Mina laughs. What an idea. Her? Serving in the war? Ludicrous. “I’m a woman, Lieutenant,” she lets out between amused giggles, “I’m not made for war.”

There is a pregnant pause that borders on awkward and the lieutenant watches his boots creating tiny clouds of dust. He appears to be deep in thought, that Mina doesn’t interrupt, only clutches the lieutenant’s coat around herself.

“If I may disclose information with you, Miss Myoui,” he says to his shoes then to the night sky, looking everywhere but her. “I’m afraid I haven’t...I haven’t been completely honest with you.”

Honest? A small fit of anger rises in Mina’s chest because she had though this man to be honest that’s why she allowed herself his company. She keeps it in, though, and braces herself for the worst. The lieutenant may be a Nazi that breached Allied soil, and that he’s going to stab her and—

“My name is Lieutenant Yoo Jeongyeon and I am a woman.”

Mina halts in her steps.

“I pretended to be an adolescent boy when I enlisted for the war, had some strings pulled with fake documents but I made it; now I’m a lieutenant.”

She can’t say anything, can’t do anything but piece together the information about Lieutenant Yoo Jeongyeon that she’s managed to absorb in the past few hours. Please, don’t call me sir and Jeongyeon, what a pretty name and the utter respect she has for Mina’s private space—

“Make do with that as you will; it’s your choice to believe it or otherwise.” The lieutenant says, holding his—her?—hands behind her back. “I’m sorry I didn’t tell you sooner. I had no idea this conversation would steer this way.”

It’s not that Mina doesn’t believe the lieutenant. She has feminine features that make more sense now after what the lieutenant had told her had sunk in.

She’s absorbing the information, thinks of all what Lieutenant Yoo had to go through, thinks of another question, thinks of a possible answer though what Mina says is:

“I left home.”

The lieutenant turns to her, attentive, though Mina’s voice must have been quieter than usual, because she asks: “Come again?”

“I left home. Japan. Korea clearly wasn’t an option,” the laugh that escapes her throat sounds bitter. “I heard about America taking the Philippines so my family bought me tickets to Manila, then I met my friends at the ward there. We were together when we were transferred to America, and after America, here, in France.”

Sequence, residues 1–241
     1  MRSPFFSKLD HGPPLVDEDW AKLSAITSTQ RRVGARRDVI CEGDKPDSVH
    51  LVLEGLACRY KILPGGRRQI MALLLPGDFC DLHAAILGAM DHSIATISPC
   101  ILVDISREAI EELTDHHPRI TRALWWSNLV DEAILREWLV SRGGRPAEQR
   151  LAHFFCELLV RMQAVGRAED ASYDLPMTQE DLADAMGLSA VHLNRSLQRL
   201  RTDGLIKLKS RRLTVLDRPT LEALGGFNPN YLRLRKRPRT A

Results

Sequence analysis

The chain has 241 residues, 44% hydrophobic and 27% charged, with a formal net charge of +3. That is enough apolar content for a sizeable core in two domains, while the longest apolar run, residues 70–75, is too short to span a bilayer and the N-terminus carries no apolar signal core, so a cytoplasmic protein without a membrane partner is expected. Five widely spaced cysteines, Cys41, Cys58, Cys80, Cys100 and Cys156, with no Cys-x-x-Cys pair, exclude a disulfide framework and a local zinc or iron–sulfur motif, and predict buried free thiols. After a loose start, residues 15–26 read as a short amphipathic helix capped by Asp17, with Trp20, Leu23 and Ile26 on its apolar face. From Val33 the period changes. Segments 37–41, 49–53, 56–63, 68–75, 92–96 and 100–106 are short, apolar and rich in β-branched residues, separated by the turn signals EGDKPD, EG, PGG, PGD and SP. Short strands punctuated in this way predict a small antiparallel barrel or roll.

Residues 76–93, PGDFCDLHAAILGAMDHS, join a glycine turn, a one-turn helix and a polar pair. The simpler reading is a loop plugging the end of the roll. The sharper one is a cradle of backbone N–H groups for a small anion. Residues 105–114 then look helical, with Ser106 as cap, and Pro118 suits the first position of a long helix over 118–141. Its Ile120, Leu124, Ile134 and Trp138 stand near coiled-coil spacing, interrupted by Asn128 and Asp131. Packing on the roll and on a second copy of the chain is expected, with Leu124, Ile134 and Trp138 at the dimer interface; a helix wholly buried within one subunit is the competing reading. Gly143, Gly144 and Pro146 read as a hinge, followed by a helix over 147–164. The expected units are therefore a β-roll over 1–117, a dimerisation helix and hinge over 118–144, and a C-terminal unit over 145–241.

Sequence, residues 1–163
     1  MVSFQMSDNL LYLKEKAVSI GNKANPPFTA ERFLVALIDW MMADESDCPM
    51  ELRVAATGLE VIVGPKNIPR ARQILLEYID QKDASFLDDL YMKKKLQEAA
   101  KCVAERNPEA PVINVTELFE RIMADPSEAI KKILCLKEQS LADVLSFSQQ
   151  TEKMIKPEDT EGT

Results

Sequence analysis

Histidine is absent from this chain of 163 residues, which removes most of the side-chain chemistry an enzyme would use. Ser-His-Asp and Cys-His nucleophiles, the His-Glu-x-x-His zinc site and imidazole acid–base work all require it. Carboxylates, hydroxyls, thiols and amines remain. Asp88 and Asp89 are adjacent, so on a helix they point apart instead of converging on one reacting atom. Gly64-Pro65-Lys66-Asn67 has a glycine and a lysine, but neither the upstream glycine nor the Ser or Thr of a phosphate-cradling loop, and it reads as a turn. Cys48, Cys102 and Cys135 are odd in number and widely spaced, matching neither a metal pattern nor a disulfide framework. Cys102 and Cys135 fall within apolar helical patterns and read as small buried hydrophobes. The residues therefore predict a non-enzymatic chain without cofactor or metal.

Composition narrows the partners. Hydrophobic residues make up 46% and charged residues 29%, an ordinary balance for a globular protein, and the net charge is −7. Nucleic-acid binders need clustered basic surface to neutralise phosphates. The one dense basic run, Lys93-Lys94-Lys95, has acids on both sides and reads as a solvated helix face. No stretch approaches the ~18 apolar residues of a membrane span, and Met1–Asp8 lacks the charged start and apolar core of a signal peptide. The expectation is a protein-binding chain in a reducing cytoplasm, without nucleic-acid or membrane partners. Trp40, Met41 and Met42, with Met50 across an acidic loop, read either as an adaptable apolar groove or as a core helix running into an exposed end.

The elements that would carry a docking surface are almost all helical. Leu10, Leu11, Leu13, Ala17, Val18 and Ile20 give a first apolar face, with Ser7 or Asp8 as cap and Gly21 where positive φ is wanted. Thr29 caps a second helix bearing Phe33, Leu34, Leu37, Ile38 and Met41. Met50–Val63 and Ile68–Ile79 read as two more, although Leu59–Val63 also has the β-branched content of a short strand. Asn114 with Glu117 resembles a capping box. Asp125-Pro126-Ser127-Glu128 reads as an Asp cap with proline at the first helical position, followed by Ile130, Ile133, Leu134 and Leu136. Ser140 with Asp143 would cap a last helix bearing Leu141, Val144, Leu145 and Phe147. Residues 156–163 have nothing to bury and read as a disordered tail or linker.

She doesn’t know Lieutenant Yoo Jeongyeon, but Mina trusts her. Mina doesn’t know why she’s telling Lieutenant Yoo Jeongyeon this, but she reckons it’s only right after what the lieutenant had let out in the open.

“My family was scared of me being taken away,” Mina mutters, her hands wringing inside the pockets of her cream-colored coat. “Even if our family was well-off, it still didn’t stop soldiers from barging into households, taking away the daughters and the wives.”

Lieutenant Yoo’s brows furrow with concern. “Your mother didn’t come with you?”

She shakes her head, feels tears prick at the thought of her mother. “No. No, she couldn’t. My father, he was very sick.”

He—she, damn it, Mina—looks down at her leather shoes. “I’m sorry, Miss Myoui.”

“You’ve managed to apologize thrice in a span of one conversation,” laughs Mina, though it feels wrong. “You don’t need to say sorry for all the unfortunate things that happen in my life, Lieutenant.”

“It doesn’t mean that it will stop me from apologizing." He—she— notices they're at the door step, and the Lieutenant gives her a low bow. “You’re very pleasant company, Miss Myoui. I’d enjoyed tonight. Please take care.”


That night, Mina curls around her stiff pillow and thinks of a woman brave enough to infiltrate a man’s world until the sun rises.




“Come on, pretty lady, just one kiss!” The American insists. His arms try to take her in his grasp every time she comes near and it’s taking every ounce of Mina’s self control not to whack this man with the metal bowl of bandages she’s holding to treat the man’s leg.

It’s a regular occurrence in the ward. Some soldiers get handsy amidst the haze of morphine but most are sober than God himself, which is worse if you asked Mina. Groping, touching, sweet talk. It nauseates Mina that men are like this though she tolerates it, only reports it to the head nurse to forward it to the leader of their squadron.